The biking through October and November was incredible with dry warm conditions in Aosta allowing rides over 3400 m cols in a t-shirt. For days with 2500 to 3000 m of climbing I’d go alone or hook up with Davide Capozzi and then ride with my Chamonix friends on my rest days. The larger rides showed the difference in strength in my legs as the muscles were taken to fatigue, but with no ill effects or set backs, my confidence started to grow. Meanwhile I continued to work on rehab exercises and start the slow process to rebuild the muscle, all to aware the ski season was approaching fast and a compensating body would cause a lot of problems.
10 days in Finale brought an abrupt end to the biking season at the start of December and I returned to a frigid cold and austere Chamonix wondering what I’d do next. The phone rang and it was Tom asking if I wanted to go to Bel Oiseux touring. To be honest I hadn’t even thought about skiing but when I considered it I thought I didn’t have any excuses not to give it a go. As we set off on our very late start we met a bunch of the Cham crew who had already done a lap and the smiles gave away the good the conditions. Tom, Johanna and myself talked the whole way up the hill, taking in the scenery and enjoying being back in the mountains.
I took them to the top of a line I knew that was a bit hidden from the others. Once I confirmed we were in the right place the other two jumped in before me. Tom was straight back from skiing the Caroline and no doubt they were thinking the old man was going to ski like a grandpa. I was certainly thinking that. The gnawing fear of a set back and a return to that hateful nerve electrocution torture was holding me back. The thought of hitting a rock on my bad leg and the shock blowing more of the disc contents against the nerve root weighed heavily on my mind. I made two hop turns like an octogenarian, getting the feedback for how well my leg would cope with the shock, and then decided to point the skis downhill and ski the way I wanted. The line was filled with smooth consistent powder which skied beautifully and was gentle on my body. I didn’t stop where the others had held up and continued down to the terminal cliff. What an amazing feeling, hope crept through my mind that I could get back into skiing.
A week later and it was opening day at Grands Montets. A bunch of us Crows had partied hard the night before and I woke up with the feeling that my head was in a vice. Hungover, stiff, dehydrated and with a battered central nervous system I joined the crew at GM and went for a run on the piste in the flat light. It was awful, every unseen bump pinching the sciatic nerve and causing my hamstring to fire and stiffen further affecting my ability to flow over the terrain. I was also struggling to control my direction going through the bumps and initially thought this was a proprioreception problem but in the end worked out that the flexibility in my left leg increased as it flexed up and outwards, rather than straight up. Through the bumps my ski would always track left, just when you wanted to turn right. It all felt a bit pointless and I went home despondent thinking that those days of skiing 15-20 k vertical metres off the lifts were behind me and future skiing might be limited to untracked touring lines. The Mountain Boot and Scarpa crew were in town for 2 days and keen for a second day on GM but I knew I couldn’t handle that and guilty bailed on them.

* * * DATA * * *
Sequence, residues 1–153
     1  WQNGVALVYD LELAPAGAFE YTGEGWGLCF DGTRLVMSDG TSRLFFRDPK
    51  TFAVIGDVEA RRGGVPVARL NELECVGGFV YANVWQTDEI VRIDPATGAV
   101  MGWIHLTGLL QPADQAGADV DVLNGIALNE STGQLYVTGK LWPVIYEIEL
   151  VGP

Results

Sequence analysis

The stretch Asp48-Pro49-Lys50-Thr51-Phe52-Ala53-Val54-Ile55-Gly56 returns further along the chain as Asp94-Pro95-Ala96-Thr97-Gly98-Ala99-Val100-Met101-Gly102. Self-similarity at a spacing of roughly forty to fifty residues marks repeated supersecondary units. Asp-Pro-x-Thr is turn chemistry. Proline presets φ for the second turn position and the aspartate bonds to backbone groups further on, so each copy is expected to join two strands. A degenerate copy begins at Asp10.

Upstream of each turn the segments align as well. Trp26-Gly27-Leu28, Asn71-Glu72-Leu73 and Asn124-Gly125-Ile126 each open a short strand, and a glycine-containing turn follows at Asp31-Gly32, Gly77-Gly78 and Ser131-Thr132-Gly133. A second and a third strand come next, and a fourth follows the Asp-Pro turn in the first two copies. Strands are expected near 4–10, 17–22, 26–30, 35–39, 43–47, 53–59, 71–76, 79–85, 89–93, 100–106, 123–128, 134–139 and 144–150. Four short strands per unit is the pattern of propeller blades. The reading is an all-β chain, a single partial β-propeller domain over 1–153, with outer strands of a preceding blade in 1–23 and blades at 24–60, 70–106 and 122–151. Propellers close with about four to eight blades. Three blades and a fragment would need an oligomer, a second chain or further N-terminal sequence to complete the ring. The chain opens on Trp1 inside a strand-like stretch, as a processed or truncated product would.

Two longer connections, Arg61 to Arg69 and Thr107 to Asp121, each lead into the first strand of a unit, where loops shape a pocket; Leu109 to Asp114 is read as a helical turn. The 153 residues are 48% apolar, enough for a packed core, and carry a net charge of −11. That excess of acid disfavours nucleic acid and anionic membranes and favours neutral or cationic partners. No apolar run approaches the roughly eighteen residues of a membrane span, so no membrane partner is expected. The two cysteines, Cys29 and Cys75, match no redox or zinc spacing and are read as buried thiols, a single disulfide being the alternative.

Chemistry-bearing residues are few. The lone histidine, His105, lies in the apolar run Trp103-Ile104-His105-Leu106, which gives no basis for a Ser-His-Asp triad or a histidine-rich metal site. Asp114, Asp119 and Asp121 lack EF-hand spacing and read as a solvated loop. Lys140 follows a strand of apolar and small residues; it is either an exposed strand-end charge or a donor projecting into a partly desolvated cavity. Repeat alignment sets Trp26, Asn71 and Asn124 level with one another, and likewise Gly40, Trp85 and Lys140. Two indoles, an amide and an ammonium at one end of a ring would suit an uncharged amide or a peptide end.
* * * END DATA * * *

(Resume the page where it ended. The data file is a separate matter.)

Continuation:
The next day Bruno, Layla, Simone, Enrico, Bea and myself headed up a dry looking Skyway for a look around. Below 2100 m was dust after a five month drought and above just had one 30 cm layer. The north wind was howling but as we exited the lift station Bruno announced he thought it wasn’t that cold. As the bitter wind froze my face off I was thinking to myself that I had gone soft hanging out in Finale. Later it emerged Bruno had run back to his van for extra clothes and was still cooling down.
Very quickly skins were falling off and we only made Col d’Entreves using a combination of ski straps and duct tape on the skins. Bruno was keen to go up the ridge and as I set off no one else left the sanctuary of the windscoop at the base. Somewhere on the ridge my hat got sucked off my head but before retreating I spied a lot of snow on Col d’Entreves. For sure it would be rocky getting in but after that it looked sweet. Time to propose a different plan that would get us out of the wind quickly. After passing through the rocks it was time to ski light and cautiously with tips up…these were still shark infested waters with a big cliff below. The headwall was sweet with cold slough and my body held together despite a couple of large rock strikes to my bad leg. Below lay a couple of kilometres of untracked rolling terrain which is a pleasure to ski at full throttle. Full of joy we head back to the bar for a celebratory beer.
That was the turning point for me where I started to believe my body could recover enough to ski the things I wanted, in the way I wanted and as much as I wanted. Sure I still had loads of rehab to go but I could also see the opportunity to to correct a problem that I’d coped with for some time and build a stronger core to match the strong external muscles which could support the loading I’d throw at it.